June 19, 1891

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All in a peaceful garden fair,
One night in leafy June,
There sat a wondrous lovely pair,
And waited for the Moon,

In silence, save where rustled by
A little creeping breeze,
Which swept the cobwebs from the sky,
And scarcely stirred the trees.

The one displayed in form and face
To all and sundry comers
The sweet accumulated grace
Of twenty happy summers.

The other, matronly and calm,
Was most divinely fair,
And each was stately as a palm,
And each had pale gold hair.

Between them, where a trailing bough
Obscured the moonlight pale,
Lounged a vast form with classic brow,
Unquestionably male.

There rose a mighty yellow Moon,
Across the tree-tops peering
Along the fleecy sky of June,
Through which she'll soon be steering.

And when she saw each lovely maid
She clapped her silver hands;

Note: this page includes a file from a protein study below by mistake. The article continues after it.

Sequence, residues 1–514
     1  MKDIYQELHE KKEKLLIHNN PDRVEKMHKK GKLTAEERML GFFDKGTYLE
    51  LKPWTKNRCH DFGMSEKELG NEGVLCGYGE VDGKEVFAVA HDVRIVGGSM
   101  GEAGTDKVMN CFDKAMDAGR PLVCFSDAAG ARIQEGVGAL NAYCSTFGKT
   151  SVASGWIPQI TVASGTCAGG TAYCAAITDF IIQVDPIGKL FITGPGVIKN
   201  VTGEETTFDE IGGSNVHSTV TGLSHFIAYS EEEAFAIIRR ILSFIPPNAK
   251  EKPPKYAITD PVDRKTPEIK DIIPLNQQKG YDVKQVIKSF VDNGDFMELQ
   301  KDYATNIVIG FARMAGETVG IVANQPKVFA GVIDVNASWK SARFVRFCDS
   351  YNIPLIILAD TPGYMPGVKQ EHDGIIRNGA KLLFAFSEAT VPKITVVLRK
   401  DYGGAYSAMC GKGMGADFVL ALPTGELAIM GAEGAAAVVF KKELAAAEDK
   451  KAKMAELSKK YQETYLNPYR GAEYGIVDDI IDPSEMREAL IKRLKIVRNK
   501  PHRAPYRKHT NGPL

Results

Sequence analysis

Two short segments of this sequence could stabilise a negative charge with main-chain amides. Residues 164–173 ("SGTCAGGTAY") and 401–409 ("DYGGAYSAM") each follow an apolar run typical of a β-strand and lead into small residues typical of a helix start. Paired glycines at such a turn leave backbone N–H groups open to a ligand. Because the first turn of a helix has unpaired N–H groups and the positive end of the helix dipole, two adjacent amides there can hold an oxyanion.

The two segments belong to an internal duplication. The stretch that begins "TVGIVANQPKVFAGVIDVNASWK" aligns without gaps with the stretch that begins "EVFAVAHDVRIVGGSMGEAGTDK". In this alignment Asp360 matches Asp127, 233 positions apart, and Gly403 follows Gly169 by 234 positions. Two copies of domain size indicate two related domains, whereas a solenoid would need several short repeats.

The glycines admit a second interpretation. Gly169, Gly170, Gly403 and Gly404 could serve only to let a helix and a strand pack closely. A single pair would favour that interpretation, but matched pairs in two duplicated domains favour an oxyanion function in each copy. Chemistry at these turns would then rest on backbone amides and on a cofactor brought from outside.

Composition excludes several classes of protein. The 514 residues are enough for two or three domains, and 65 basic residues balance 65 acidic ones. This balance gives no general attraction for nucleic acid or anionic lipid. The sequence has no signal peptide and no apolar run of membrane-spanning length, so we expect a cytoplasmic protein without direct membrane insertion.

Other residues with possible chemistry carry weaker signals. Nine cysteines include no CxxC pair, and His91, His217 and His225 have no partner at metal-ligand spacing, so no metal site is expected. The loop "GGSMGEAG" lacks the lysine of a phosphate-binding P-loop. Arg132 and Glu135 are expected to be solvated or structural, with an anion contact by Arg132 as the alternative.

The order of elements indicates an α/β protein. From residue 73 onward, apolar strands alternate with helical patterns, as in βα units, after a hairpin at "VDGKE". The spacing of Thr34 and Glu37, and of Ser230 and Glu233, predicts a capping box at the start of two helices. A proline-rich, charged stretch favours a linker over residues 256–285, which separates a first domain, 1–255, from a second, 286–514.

"Such wondrous charms are rare" she said
"In all sublunar lands.

"But which is fairest?" long and loud
She shouted to the stars,
Which glittered in a golden crowd,
Like newly lit cigars.

Then from the zenith Vega slid,
And red Aldebaran
Rushed up the sky, as he was bid,
To meet the stately Swan;

And many dozen more appeared,
Till all the sky was bare,
And round the Satellite careered,
And vowed the scene was fair.

Then spake the Moon: "I'm sore distressed:
"Two beauteous forms I see:
"I can't say which I like the best:
"Decide the point for me.

"Such foolish puzzles, I declare,
"I hold in much abhorrence:
"Say if the lovelier of the pair
"Be A—————— or F——————."

Then peeping o'er each other's head,
The striking scene to scan,
The Stars unanimously said:—
"We much prefer the Man."

This work was published before January 1, 1924, and is in the public domain worldwide because the author died at least 100 years ago.